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With what must surely be the title of his CFL memoirs some day, Marc Trestman recently described the CFL game as “a race for 57 minutes then three minutes of heart ache.”
Following Thursday night’s come-from-behind win over the Stampeders, Trestman’s philosophy couldn’t be more true.
“This is a testament to our team unity,” proclaimed Kyries Hebert immediately following the final gun.
“For all the newcomers, we’re learning how to win together,” noted a beaming Brandon London in the afterglow of his first career 100-yard receiving game.
“Our playmakers were getting on me to make plays…that I was better than what I’d shown out there.”
Yes, the Alouettes are talking as a team, and they’re starting to listen to themselves.
Even the ceremonial touches have been fitting for this curious 2-1 start on the long road to the 100th Grey Cup. Gerry Desjardins, a pioneering French-Canadian stalwart of the 60s and early 70s was honoured before the game for his role on the 1970 Grey Cup team.
This week, ticket stubs featured a current Montrealer, Als linebacker Marc-Olivier Brouillette, and the word “determination” (fittingly, the same bon mot in French or English to describe the fluently bilingual “Marco”.)
So the stars were aligned when Patrick Lavoie, the pride of Saint Flavie, QC. snared the game-winning TD catch in the final minute. Truth is, the dart throw from Anthony Calvillo may have skewered the top-draft pick from the Laval Rouge et Or.
Two career catches, two TDs in back-to-back games. Montreal may not be talking about a new “St. Patrick”, but Lavoie has jolted light years ahead of almost two decades of previous local hopes in the receiving corps like Sylvain Girard and Lavoie’s teammate Eric Deslauriers.
Those prized picks had to wait years before they showed up on the red zone radar for AC.
Lavoie has become a trusted bodyguard as a fullback/tight end for Calvillo, helping shore up what should not be an area of concern for the Als, pass protection.
If Calvillo is to live to see his 40th birthday (next month) he cannot be sacked four times in a game again. He’d started the week of preparation with an MRI on his aching left shoulder.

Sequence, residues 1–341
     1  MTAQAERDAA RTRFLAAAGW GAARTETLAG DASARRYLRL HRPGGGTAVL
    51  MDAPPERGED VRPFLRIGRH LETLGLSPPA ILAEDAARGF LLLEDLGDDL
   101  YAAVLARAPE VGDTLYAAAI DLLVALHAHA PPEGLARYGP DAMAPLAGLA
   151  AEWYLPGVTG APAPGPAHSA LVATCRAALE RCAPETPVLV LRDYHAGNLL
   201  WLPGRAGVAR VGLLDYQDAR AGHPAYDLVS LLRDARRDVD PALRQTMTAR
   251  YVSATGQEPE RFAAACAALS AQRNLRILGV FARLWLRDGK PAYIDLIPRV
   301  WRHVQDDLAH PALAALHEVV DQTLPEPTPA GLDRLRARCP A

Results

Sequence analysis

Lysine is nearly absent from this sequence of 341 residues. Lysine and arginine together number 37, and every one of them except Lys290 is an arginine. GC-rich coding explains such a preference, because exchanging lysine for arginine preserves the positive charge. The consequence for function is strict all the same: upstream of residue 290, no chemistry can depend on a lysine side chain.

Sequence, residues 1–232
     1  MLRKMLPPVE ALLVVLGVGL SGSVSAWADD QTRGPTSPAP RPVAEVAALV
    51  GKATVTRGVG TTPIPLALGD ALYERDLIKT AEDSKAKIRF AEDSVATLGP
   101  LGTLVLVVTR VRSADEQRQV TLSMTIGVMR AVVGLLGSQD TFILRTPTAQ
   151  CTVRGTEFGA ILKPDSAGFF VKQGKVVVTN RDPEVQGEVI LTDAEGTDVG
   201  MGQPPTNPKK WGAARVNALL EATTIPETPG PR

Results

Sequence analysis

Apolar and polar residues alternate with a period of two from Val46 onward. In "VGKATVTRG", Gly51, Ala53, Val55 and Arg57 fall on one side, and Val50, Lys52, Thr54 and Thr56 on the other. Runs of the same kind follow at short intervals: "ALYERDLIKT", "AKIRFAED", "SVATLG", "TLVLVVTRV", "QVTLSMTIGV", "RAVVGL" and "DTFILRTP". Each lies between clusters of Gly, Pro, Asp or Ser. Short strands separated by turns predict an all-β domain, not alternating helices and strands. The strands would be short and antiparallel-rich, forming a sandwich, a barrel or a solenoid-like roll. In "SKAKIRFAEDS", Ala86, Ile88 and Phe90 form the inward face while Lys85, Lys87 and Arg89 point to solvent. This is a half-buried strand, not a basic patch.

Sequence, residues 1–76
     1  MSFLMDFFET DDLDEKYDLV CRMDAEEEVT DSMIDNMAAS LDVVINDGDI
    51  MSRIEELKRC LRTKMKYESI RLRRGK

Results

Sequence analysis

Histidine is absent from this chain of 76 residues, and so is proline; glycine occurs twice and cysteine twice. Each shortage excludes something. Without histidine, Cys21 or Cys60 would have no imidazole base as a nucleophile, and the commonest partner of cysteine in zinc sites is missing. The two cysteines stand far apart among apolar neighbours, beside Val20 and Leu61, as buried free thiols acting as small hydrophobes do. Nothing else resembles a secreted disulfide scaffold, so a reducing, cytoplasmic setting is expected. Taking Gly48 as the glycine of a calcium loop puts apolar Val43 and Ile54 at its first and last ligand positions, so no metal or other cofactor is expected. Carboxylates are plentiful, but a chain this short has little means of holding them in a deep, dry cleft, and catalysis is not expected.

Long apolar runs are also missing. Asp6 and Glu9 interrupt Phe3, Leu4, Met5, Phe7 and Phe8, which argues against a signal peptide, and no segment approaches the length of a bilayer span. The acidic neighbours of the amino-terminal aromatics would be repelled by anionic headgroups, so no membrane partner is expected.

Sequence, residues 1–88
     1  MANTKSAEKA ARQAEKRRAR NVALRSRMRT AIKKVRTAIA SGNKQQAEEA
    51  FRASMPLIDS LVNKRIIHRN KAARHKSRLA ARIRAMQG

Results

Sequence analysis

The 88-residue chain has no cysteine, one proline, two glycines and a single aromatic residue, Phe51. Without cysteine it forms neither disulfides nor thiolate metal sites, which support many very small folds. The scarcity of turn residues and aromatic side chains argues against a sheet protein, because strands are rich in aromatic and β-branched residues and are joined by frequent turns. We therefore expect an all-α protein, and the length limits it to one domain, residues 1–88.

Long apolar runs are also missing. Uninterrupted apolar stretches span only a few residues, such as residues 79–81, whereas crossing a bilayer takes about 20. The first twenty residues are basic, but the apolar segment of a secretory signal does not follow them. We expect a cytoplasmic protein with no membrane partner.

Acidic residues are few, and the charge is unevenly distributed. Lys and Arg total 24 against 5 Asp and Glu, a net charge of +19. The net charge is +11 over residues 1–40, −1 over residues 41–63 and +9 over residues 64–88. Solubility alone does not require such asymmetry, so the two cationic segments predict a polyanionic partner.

That alone should have resonated through the o-line.
“We’ve been together as a five-man unit for three years now,” points out hulking right tackle Jeff Perrett. “Luc Brodeur-Jourdain is getting better and better at making the reads and the calls (for blocking assignments).”
“We also have Scott Flory’s experience, he can change the call at the last second,” admits the man protecting Calvillo’s blind side Josh Bourke.
Because of the above claims, AC should not have to worry about being helped up off his knees or his back as often as he was against the Stamps.
“All my life coaches have talked about ‘the feet, the feet, the feet’,” notes Brodeur-Jourdain. “Now, Coach Meyer has us focused on ‘the hands, the hands, the hands. He’s amazing.”
The old dogs on the offensive line insist they are soaking up new punch-to-the-chest-plate tricks from Pat Meyer, a newcomer to the CFL but no stranger to Trestman.
“Meyer is a brilliant coach…a man of charater,” says Trestman, who watched his recruit climb the ranks from strength coach offensive line duties when they were together at North Carolina State.
Coming out on the right side of a thriller should not cloud another area of concern though – the return game. Noel Devine, on Jim Popp’s neg list since his high school days, deserved a detention for his play.
Fellow newcomer Trent Guy is regressing, literally. Three times he angled back to lose real estate. His final numbers: six returns, five yards. He should be off to the principal’s office.
When Calgary stuck another dagger in Montreal’s heart, going up 32-20, a rare Molson Stadium exodus to the exits was launched. A battered Calvillo even showing just a hint of his frustration could surely do nothing else to turn the tide.
Some fans wondered: perhaps it is best to bring in Adrian McPherson, not out of any faint hope that the backup could rally the troops, but out of sympathy for the future Hall of Famer who didn’t deserve the humiliation or the beating.
AC wants no one’s pity.
The Als’ pocket schedules this year feature #13 with the slogan “Anthony est de retour.” Anthony is back.
The night of the Als home-opener, the memory of Virgil Wagner, an original Alouette Grey Cup hero was honoured.
Nobody dared tease Anthony how HE played in that game. AC’s face was on the season-ticket holders’ stubs that night and all the old man did was throw for a “hat-trick” of TDs and 443 yards.
The evidence after three weeks suggests he never went away. He may be a tortoise but he can still beat a hare if a race goes more than 57 minutes. And he’s feeling no heart ache.